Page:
It’s also important to grasp that, in addition to any legal/regulatory requirements, the lack of transparency (and compliance with the European standard) of the national/corporate system for accounting and control over methane emissions is fraught with the fact that any claims that Russian exporters could potentially bring in relation to the European requirements to reduce methane emissions would not be considered by the EU.
From the financial standpoint, the risks are also quite significant.
As already noted, if gas-exporting countries to the EU refuse to introduce European standards in the field of accounting and control over methane emissions, the strategy explicitly spells out the possibility of using average methane emissions by default. Moreover, it’s clear that the volumes of natural gas supplies from third countries to the EU exceeding the default average methane emissions set for these countries by the European Commission will be subject to additional financial sanctions (fines) within the framework of the possible future so-called “methane tax” or cross-border carbon regulation mechanism, which is already in development.
According to Eurostat for 2019, Russia accounts for almost 38% of total imports of natural gas into the EU (including LNG supplies) in the amount of more than 177 billion cubic meters.
Thus, Russia, as the largest supplier of natural gas to the EU, is at the same time the largest emitter of methane for the region; therefore, the correct assessment of its emissions from exported Russian natural gas to EU countries along the entire production chain of its value creation seems to be an extremely important task from both the political and economic perspective.
Russian pipeline gas is the most competitive on the European gas market. But if the EU introduces a tax on methane emissions, it could experience a significant price hike on the European market
Given that the overwhelming volume of natural gas exports from Russia to the EU is provided by Gazprom (except for LNG exports, which are also provided by NOVATEK), it is advisable to carefully consider the official data on methane emissions that the gas concern discloses in its materials.
According to the official data provided in the environmental report of Gazprom PJSC, at the end of 2019, greenhouse gas emissions from the company’s facilities in 2019 amounted to 117.09 mln. tons of CO2 -equivalent, where methane accounted for 28% or 32.78 mln. tons of CO2-equivalent.10
At the same time, methane emissions from Gazprom’s production facilities amounted to 0.02% of the volume of produced gas; emissions during transportation were 0.29% of the volume of transported gas, and emissions during the underground storage of gas amounted to 0.03% of the volume of gas storage.
It should also be noted that Gazprom uses the global temperature change potential across a 100-year time horizon from the Fifth Assessment Report of the IPCC as an additional metric to calculate total СО2-emissions. Thus, to reflect the emissions of fossil methane in CO2-equivalent, the national conversion factor 6 (Second Level of accounting for methane emissions according to the IPCC methodology) is applied.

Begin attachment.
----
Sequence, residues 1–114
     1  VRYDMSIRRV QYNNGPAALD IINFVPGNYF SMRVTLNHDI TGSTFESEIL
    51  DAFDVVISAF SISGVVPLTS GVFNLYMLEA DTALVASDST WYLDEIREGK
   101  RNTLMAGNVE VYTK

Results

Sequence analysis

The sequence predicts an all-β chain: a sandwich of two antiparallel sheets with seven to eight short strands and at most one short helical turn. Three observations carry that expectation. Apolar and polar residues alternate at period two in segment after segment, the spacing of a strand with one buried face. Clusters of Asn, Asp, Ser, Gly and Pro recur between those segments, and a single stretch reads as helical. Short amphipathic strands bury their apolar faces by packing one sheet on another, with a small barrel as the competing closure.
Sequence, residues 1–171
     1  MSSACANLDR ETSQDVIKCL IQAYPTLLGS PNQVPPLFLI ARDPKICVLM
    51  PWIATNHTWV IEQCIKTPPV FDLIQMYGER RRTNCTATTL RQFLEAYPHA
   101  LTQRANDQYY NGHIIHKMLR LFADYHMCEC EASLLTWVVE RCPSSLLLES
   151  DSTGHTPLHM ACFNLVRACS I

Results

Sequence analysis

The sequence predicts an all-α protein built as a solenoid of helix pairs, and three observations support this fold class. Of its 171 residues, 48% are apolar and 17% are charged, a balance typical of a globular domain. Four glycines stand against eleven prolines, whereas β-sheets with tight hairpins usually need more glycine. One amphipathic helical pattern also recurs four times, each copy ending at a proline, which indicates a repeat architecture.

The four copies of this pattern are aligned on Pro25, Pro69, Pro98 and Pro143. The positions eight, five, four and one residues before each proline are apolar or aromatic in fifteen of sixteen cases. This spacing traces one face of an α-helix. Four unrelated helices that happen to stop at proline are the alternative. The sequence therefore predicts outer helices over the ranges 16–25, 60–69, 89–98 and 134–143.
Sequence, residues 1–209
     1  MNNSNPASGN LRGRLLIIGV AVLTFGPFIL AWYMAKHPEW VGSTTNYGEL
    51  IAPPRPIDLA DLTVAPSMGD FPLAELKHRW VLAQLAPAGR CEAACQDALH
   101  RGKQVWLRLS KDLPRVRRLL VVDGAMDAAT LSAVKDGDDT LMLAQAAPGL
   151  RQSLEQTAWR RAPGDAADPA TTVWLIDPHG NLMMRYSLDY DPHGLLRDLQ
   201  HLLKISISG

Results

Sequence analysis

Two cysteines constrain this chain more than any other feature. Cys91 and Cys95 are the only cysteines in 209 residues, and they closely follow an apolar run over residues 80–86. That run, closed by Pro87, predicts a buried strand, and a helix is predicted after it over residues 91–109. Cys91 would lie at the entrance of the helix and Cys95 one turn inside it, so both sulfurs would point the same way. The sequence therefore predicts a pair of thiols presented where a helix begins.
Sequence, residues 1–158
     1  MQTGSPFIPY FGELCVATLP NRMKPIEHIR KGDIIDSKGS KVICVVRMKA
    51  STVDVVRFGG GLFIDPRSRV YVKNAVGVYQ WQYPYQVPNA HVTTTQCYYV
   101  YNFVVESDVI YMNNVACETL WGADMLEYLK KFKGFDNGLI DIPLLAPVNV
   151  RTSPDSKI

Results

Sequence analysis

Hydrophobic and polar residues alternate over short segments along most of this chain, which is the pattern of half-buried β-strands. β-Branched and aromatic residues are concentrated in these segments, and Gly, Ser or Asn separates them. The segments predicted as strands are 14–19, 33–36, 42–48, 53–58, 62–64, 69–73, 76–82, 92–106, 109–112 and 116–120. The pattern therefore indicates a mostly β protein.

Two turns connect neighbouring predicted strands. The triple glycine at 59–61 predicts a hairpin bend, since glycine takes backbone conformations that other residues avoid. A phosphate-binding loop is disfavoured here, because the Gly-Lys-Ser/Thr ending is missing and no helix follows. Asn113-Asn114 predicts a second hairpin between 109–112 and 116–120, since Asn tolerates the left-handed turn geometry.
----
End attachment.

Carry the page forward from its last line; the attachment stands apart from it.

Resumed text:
In addition, Gazprom is participating in the international initiative “Guiding Principles on Reducing Methane Emissions across the Natural Gas Value Chain” and engaging a well-known auditor, i.e. KPMG, in the audit of its activities involving data collection, accounting and control over methane emissions, which independently confirms the data disclosed by the company within the framework of public environmental reporting.
However, we must emphasize that the EU strategy to reduce methane emissions is based on the methodology for collecting data and accounting for methane emissions developed by the international partnership to reduce methane emissions in the oil and gas industry, OGMP, based on the IPCC guidelines (level 3). But Gazprom is not part of this partnership and formally uses the IPCC guidelines only at level 2.
The new EU strategy to reduce methane emissions could significantly deteriorate the economics of Russian gas supplies to EU countries and negatively affect the long-term prospects for its export
Instead of a conclusion
However, even if Gazprom adopts the European methodology for methane emissions accounting imposed by the European Commission, it should be understood that over the long term, Russian pipeline gas exports will experience increasing pressure from European regulators, primarily in terms of reducing its economic competitiveness.
As is well known, Russian pipeline gas is the most competitive on the European gas market today. However, in the event of the possible introduction of a tax on methane emissions by the EU within the framework of the mechanism of cross-border carbon regulation, Russian gas could significantly rise in price on the European market, which would lead to an artificial leveling of the economics of LNG and pipeline gas supplies to the EU (methane leaks as a result of evaporation and its subsequent regasification are estimated to be significantly lower than the loss of methane during extraction and its subsequent pipeline transportation).
Thus, the new EU strategy to reduce methane emissions and its subsequent practical implementation could significantly deteriorate the economics of Russian natural gas supplies to EU countries and negatively affect the long-term prospects of Russian gas exports to this region.